Smarter plan for high-speed rail construction
"I've been working on the railroad, retired with 30 years.
High-speed rail could be successful, though not as yours appears.
'Blended rail' is not the answer: its perils rule that out.
Better, safer go to Oakland on Amtrak's East Bay Route.
From the south to San Jose, much later all the way to a bay rail hub beneath BART's line.
San Francisco, hey, take BART across the Bay. Much better is this route of mine!"
The judge was right. We voted in 2008 for "safe, reliable high-speed rail," but "blended rail" is neither safe nor reliable. It would have been much better, shorter, faster, safer and cheaper along Interstate 5 from Los Angeles to Pacheco Pass; and the Amtrak route from San Jose north. The first high-speed rail could be just to San Jose, with cross-platform transfers to Caltrain and Capitol Corridor.
Robert S. Allen
Livermore BART Director, District 5, 1974-1988 retired, Standard Pacific (now Union Pacific) Western Division, Engineering/Operations
Expansion of airport will lead to greater noise
The Livermore City Council has approved the latest much-ballyhooed Livermore airport expansion that will enrich Livermore coffers at the expense of the peace and quiet of Tri-Valley neighborhoods. The Livermore Public Works Director claims that the service facility, upscale restaurant and mini-mall won't attract new traffic to the airport? The only thing they forgot (maybe) was a shuttle to the outlet mall.
The council heard from sincere pilots how the expansion will make their very difficult lives so much nicer, but you can bet that none of them has a home under the Livermore takeoff flight lanes. These are the same airborne cowboys who love to show off in sweeping low-altitude full-power turns with their propellers set to maximum-racket pitch. The Rutans and twin-engines are the worst, but even smaller planes can force you to suspend a conversation with a neighbor until, like flatulence, they have passed.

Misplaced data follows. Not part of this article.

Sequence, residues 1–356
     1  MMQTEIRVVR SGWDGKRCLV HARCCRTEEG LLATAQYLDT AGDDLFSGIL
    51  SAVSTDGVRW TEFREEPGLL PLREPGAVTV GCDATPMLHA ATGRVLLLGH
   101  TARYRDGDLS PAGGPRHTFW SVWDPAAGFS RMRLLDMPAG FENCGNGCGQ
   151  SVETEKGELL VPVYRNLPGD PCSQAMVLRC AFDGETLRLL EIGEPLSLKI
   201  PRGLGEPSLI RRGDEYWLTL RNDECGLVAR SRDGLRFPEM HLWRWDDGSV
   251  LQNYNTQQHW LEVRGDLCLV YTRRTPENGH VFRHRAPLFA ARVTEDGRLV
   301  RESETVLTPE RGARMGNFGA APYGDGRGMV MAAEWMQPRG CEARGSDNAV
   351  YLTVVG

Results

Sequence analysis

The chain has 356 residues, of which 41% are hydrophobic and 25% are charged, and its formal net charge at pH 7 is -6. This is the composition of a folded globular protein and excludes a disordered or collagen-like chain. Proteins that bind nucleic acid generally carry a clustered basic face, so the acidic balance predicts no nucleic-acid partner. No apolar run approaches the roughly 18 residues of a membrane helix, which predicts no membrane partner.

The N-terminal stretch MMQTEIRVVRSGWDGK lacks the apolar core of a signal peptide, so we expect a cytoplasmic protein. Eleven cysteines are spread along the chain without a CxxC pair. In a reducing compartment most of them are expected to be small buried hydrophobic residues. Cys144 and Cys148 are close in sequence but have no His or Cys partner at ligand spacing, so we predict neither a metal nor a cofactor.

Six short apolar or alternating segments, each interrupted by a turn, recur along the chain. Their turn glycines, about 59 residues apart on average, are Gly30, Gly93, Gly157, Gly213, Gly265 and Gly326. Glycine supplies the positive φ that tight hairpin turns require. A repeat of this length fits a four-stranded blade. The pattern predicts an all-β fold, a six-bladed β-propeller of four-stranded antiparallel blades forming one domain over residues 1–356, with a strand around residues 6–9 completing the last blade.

The Livermore Airport has a long history of aggressive expansion, and this latest decision is just further growth of a Tri-Valley earsore.
U.S. Rep. Miller is out of touch on Obamacare
Congressman George Miller continues to praise the disastrous Obamacare legislation. Apparently, the small business exchanges being delayed for a year, following the employer mandate being delayed a year, hasn't convinced him this is NOT "ready for prime time."
Rep. Miller also must not have noticed the various House Democrats (such as Rep. Elijah Cummings and Rep. William Clay) who are publicly distancing themselves from Obamacare, no doubt fearing the electorate is wising up and will send them packing in the next election. No doubt the 16 Democratic senators who recently went to the White House to demand action on Obamacare somehow escaped his attention as well.
The press tells us that about one million Californians have had their health care insurance (which they presumably liked) canceled due to new requirements imposed by Obamacare. Since there are 53 California Congressional districts, almost 19,000 people in Miller's district must be very upset with this Democratic legislation, yet he seems not to notice.
I wonder why Medicaid wasn't simply expanded to accommodate those who couldn't afford a policy, or who have "pre-existing conditions?" Why create more bureaucracy and inconvenience the 85 percent of people who were happy with what they had?
Great going, Congressman Miller!